The next scripture is Ecclesiastes 4:8-12 “There was a man all alone; he had neither son nor brother. There was no end to his toil, yet his eyes were not content with his wealth. For whom am I toiling, he asked, “and why am I depriving myself of enjoyment? This too is meaningless- a miserable business!” Two are better than one, because they have a good return for their work: If one falls down, his friend can help him up. But pity the man who falls and has no one to help him up! Also, if two lie down together, they will keep warm. But how can one keep warm alone? Though one may be over powered, two can defend themselves. A cord of three strands is not quickly broken.” A chaplain shared this one with me when my husband was contemplating a career change within the Army that meant he was going to be at home a lot less. One of the things he asked me was if I trusted my husband to pursue his calling without bankrupting the overall health of our family. Did I trust him to balance his desires with what was best for our family and marriage? Sometimes doing what we are called to do requires sacrifice that is painful. But that’s something that you and your spouse will answer praying together to God. This scripture also highlights how you know you’d be doing this the right way if you are commuting. Are you going to be surrounded with wise people who are going to push you towards God and your spouse? Do you both have a support system that will help you grow spiritually and keep you sane? If you have kids at home, does the parent at home with them have the help they need? Have you discussed giving that at home parent a regular, non-negotiable time alone when the away parent is home? Chances are if you are pursuing putting together a game plan and are experiencing a lot of doors being slammed in your face, God is telling you something stinks.
        Lastly, the scripture from Corinthians is actually a really great reference because it addresses attitude and the need for an end date. It could be an event or a designated time frame that is considered okay. You might even have to adjust when that end date is- but be in conversation with your spouse about working towards that end date. When you are exhausted and longing with all of your being for that end to hurry up and get here already- tell your spouse. I have many friends who experienced the same things as their spouse while separated by hundreds or thousands of miles and being vulnerable to each other and sharing ultimately built their bond and increased their trust in each other.
        I have to agree with Kate that daily separation can be seriously dangerous to your marriage. But I know from first hand experience that if you are walking out God’s plan for you, He’s faithful to protect you and your marriage. Trust Him- He’ll share His will with you!
        Whichever way ultimately you are led to go by our Gracious God- blessings on you! Hope this is helpful!

  2. You know says:

    Renea –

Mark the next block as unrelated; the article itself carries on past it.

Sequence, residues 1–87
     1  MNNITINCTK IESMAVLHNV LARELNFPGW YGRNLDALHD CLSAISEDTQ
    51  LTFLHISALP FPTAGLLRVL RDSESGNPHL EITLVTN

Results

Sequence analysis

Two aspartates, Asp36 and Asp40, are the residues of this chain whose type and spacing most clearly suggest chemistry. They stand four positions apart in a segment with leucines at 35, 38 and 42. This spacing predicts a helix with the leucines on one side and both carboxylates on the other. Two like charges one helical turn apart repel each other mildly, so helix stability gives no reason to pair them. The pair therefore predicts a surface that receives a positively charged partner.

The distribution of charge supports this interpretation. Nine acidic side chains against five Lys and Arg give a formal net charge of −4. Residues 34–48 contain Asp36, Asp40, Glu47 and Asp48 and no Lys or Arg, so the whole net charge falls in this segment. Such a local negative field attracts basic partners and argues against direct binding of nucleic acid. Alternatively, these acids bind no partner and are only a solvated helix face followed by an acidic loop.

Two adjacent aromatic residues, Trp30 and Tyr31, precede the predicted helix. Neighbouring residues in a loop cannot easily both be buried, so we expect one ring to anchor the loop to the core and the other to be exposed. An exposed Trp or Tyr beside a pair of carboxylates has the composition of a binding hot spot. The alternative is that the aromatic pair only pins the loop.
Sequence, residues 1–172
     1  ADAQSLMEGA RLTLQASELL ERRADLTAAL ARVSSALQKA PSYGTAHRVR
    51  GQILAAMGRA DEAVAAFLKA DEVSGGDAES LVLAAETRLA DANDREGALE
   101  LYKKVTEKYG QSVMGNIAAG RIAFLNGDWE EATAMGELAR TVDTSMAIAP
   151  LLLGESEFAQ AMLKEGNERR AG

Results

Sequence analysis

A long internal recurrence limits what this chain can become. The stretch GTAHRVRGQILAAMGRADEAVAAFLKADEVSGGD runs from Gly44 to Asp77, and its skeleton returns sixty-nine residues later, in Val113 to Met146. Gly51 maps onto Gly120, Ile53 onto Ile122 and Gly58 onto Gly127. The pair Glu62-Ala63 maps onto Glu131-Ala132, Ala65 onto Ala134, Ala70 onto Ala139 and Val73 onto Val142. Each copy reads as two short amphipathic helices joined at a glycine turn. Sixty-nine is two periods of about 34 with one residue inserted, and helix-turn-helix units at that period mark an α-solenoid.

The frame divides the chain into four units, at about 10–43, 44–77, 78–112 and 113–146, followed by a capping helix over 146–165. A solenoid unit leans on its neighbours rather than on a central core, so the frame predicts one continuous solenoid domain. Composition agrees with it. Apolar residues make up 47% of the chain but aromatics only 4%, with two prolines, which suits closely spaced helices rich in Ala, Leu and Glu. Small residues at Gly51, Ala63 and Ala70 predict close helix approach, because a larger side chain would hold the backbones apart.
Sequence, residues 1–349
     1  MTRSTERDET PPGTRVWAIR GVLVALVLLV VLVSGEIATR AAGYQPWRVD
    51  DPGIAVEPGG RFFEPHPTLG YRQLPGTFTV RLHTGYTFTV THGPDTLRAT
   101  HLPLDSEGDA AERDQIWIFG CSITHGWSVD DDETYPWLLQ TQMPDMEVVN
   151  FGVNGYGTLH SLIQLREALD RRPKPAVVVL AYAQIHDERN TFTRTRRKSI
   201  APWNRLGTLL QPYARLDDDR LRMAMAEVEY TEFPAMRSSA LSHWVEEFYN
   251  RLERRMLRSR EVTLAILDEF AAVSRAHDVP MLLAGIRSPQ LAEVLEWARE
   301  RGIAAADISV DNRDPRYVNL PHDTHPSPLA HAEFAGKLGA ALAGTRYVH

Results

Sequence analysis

I love your wisdom and your thoughts, but I think you’ve missed the mark a bit. You’re taking that passage, which is applying to sex within marriage, and drawing out a wider conclusion that I don’t think we can make.

    It would be hard to do a long-distance marriage, but I know people who have done it and have very strong marriages. I think it depends on the people involved and the specific situation. As the commenter above me said, sometimes it’s necessary for jobs (such as military) or other reasons (sick parent or something). It’s not ideal and probably should not be forever, but I see no reason why it couldn’t work for a little while, especially like if the family was planning to move eventually (within a set period of time or something).

    Best of luck with your decision, Sandor.

    • reneamac says:

      Thanks, You. I think we agree; you said what I said—that it isn’t ideal but may be necessary—but with more encouragement about making the best of a less than ideal situation, which is where I think I probably did miss the mark. So thank you for filling in those gaps!

  3. Kate Watson says:

    I think that the idea that it is “less than ideal” is true, but a soft way to put it. The thought that you could maintain an intimate relationship with your spouse long-distance, long-term (for more than a month or so), should be looked at with the same heavy respect as marriage itself. Paul expresses in 1 Cor 7 the hardships that come with marriage especially in light of our devotion to God. I think that the weight of that is serious and often underplayed in our culture, and I feel like the issue of a husband and wife living separately is equally (if not more so) underplayed. Anytime a husband and wife are facing a time of physical separation it should always be as a last resort, when there are no other options, and for as short a time as possible. Outside of the issue of sex (which is huge here, no doubt), there’s no amount of skyping, calling, texting, or “weekend visits” that can be a sufficient substitute for the actual couple living together day in and day out. I, personally, don’t see it JUST as “less than ideal” but actually as “dangerous.” I know using that word will likely stir up some dissenting opinions, and that’s okay. I just think it’s heavier than anyone has yet expressed.

  4. suzanne says:

    I think some people are able to do it, and others may not be. My husband and I have somewhat of a commuter marriage, part of the year he travels during the week and comes home on the weekends. Yes it is less than ideal, but I consider it about a million times easier than my friends whose husbands are serving in the military and dealing with deployment. And in some ways it’s also better than other situations where one or both spouses have odd hours (ie, doctors/nurses/police/firefighters working rotating shifts, working on christmas day, having to work the night shift on your birthday/valentines/anniversary, etc.) We all have our challenges, but I would not consider this a black and white issue.